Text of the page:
I have had little motivation to grapple with my 1LW, so my friend Cy of Pink Nabi and I challenged each other to work with our words this week. I’ve been randomly collecting [my own] thoughts, artwork, and poems, but have not pulled anything together. Despite my lack of intentionality in this regard, I see how God has been working in me all along—healing, loosening the chains, and providing the strength for me to “rise up” from the dust.

Out of all the “rise” scriptures, I’m most drawn to Isaiah 52:2. I understand the historical context of the scripture and its call to ancient Israel, but I find its message applicable for us: It reminds us that we have already been set free from everything that binds us. When we act on the decision to rise, we’ll find the chains have already been loosened—and our throne awaiting.

#ThursdayTreeLove | Precious Joy

Even though there are signs of spring, many of the trees around me are still skinny, naked, and exposed–shadows of their spring, summer, and early autumn selves.

I thought about those trees this morning as I watched the sun fill the sky, a backdrop for the leafless trees. I contemplated one of the passages of scripture I studied yesterday–

Precious in the sight of the Lord
is the death of His faithful servants. —Psalm 116:15

I turned toward the computer to begin the workday, and my eyes met the pink sticky note on which I had written Psalm 96:12b a couple of weeks ago, anticipating the arrival of spring.

Let all the trees sing for joy.

Somehow, these two Bible verses are connected for me.

Today marks eight years since my little sister was taken from us. It’s strange how my body knows when the date is nearing. The grief and sorrow over the losses of both my sisters [and so many more since] are palpable, but it firms me up to know that God feels each individual loss intimately. We are precious to Him.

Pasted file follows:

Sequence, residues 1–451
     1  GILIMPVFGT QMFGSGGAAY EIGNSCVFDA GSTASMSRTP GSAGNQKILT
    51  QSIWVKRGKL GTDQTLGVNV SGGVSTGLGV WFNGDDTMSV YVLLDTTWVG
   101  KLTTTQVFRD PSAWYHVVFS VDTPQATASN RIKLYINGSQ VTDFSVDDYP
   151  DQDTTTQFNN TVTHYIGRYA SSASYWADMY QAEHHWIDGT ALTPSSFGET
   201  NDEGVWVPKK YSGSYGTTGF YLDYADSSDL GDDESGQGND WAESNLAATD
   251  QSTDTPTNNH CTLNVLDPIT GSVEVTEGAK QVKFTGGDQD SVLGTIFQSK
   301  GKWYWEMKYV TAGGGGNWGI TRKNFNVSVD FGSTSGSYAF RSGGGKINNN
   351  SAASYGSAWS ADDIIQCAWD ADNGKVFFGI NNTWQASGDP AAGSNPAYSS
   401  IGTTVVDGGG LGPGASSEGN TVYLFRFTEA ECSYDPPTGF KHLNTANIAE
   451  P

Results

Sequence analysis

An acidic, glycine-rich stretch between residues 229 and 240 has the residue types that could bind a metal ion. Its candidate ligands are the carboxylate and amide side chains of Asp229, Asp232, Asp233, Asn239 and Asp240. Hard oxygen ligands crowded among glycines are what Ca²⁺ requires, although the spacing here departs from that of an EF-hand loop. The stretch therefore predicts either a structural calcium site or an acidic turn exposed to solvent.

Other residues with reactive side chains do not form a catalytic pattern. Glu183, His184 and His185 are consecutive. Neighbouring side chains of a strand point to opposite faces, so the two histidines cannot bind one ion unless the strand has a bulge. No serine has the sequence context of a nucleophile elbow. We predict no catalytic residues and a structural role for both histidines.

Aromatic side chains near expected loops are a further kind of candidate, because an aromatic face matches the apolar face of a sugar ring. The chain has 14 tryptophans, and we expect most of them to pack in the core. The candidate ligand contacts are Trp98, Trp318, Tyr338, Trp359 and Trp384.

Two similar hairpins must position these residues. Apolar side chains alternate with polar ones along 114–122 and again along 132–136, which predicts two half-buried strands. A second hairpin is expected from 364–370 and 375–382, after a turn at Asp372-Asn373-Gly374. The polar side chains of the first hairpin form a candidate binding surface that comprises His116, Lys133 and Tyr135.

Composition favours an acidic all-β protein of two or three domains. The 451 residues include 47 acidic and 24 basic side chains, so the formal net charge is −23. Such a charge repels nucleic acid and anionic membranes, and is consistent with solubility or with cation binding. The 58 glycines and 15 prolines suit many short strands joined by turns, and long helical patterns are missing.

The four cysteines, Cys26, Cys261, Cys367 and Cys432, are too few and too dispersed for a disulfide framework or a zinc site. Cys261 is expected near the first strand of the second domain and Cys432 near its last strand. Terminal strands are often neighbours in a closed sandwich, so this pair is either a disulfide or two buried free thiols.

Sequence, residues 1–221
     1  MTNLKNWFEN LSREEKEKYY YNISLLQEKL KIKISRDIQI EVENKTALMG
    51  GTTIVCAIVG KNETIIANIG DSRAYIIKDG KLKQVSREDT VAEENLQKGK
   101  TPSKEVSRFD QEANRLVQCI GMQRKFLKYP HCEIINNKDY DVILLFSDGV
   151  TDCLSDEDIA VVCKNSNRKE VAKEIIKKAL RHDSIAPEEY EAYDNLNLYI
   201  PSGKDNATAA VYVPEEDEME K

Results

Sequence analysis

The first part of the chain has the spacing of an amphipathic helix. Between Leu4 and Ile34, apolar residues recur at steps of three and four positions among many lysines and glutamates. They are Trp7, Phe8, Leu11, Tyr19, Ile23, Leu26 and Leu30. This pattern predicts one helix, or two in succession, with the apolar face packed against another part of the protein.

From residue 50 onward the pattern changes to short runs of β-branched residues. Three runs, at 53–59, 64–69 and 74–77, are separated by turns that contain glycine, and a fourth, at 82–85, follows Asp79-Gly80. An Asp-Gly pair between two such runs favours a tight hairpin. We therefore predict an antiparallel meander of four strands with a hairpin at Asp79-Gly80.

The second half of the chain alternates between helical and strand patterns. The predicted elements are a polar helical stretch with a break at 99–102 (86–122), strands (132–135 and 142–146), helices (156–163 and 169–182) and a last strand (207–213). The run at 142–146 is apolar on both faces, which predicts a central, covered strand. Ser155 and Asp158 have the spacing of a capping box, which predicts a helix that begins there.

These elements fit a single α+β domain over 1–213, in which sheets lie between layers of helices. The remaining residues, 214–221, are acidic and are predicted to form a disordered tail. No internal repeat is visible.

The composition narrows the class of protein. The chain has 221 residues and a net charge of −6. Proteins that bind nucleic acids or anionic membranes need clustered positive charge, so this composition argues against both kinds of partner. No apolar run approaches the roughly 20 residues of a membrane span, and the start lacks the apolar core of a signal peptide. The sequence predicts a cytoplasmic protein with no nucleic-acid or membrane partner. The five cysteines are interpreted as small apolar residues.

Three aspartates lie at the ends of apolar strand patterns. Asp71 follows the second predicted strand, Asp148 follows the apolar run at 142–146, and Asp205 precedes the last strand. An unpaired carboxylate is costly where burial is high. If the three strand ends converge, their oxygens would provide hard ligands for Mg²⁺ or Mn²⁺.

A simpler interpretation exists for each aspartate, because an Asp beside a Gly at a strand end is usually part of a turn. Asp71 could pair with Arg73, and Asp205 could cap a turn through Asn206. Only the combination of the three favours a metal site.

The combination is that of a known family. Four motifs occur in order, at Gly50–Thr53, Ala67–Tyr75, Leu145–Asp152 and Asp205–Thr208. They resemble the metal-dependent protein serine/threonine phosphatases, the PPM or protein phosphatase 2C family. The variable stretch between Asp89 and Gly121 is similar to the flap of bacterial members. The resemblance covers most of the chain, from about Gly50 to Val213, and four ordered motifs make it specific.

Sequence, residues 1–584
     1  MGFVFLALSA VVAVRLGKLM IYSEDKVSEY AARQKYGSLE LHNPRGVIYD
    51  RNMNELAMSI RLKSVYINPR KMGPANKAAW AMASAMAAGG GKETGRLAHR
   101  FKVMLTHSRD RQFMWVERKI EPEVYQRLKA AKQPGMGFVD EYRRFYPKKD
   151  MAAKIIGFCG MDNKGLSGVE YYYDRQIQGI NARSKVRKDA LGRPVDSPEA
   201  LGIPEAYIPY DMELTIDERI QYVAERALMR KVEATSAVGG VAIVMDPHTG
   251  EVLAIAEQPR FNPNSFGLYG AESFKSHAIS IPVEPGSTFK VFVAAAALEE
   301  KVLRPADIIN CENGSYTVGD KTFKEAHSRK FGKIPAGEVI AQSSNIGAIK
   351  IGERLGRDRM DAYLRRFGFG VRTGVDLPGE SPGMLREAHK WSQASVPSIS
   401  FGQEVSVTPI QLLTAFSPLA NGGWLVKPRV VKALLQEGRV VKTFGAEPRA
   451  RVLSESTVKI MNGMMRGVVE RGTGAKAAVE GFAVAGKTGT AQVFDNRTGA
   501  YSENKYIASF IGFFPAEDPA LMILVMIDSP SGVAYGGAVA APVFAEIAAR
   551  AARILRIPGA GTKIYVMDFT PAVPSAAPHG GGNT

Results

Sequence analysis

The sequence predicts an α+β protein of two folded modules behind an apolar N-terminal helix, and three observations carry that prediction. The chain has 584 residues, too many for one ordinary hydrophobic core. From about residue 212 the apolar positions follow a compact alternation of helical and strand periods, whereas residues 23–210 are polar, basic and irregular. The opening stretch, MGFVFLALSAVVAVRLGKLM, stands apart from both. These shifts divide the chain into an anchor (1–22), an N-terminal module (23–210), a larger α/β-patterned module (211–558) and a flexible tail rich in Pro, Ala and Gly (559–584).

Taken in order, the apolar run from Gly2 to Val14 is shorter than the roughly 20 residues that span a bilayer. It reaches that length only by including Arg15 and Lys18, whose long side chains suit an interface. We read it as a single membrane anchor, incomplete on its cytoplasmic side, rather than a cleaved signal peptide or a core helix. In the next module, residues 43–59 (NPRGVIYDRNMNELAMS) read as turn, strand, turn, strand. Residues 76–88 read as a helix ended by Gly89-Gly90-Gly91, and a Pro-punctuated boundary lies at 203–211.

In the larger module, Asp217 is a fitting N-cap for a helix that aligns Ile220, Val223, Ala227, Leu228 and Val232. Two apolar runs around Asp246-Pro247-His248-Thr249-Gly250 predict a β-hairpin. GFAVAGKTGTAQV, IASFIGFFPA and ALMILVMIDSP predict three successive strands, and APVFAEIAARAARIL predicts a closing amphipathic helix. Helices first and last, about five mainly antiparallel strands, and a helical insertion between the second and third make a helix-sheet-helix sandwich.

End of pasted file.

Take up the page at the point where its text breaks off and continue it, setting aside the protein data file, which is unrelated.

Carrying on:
Maybe, the verses are connected in my mind because they point to hope.

Hope is in the “spring” of that soon-to-come Great Reunion when the trumpet sounds and those who have fallen asleep in Christ will rise first and meet our Savior (1 Thessalonians 4:12-18). Oh, how we’ll sing and rejoice!

In fact, all the earth will worship, and the trees will sing for joy!


I am joining Parul Thakur for #ThursdayTreeLove every second and fourth Thursday of the month. If you would like to play along, post a picture of a tree on your blog and link it back to her latest #treelove post.

All Wrapped Up in Joy

I woke up this morning with all the “things to do” on my mind and all the uninvited annoyances that entered my sphere days earlier nagging my heart. Before jumping out of bed in a frenzied rush–15 minutes later than I’d intended and an hour later than I should have–I paused and convinced myself to spend my usual first moments of the day in meditation.

I thought about my blogging friend Rev Russ’s query in his post “It’s All Hard”: Is life hard or have we become wimps [not exactly his words]?

I mused for a moment about just how difficult it can be to navigate all the “stuff” that comes our way from day to day, just how hard it is to push past the everyday slights and disappointments, how hard it is to [always?] act and speak with prudence, how hard it is to accept [not tolerate] difficult people, how hard it is to forgive repeat offenders, how hard it is to love ourselves, flaws and all.

The thought of it all made rising from bed a bit challenging, so I asked God, “How can I face the day when I wake up bone-tired? Weary?”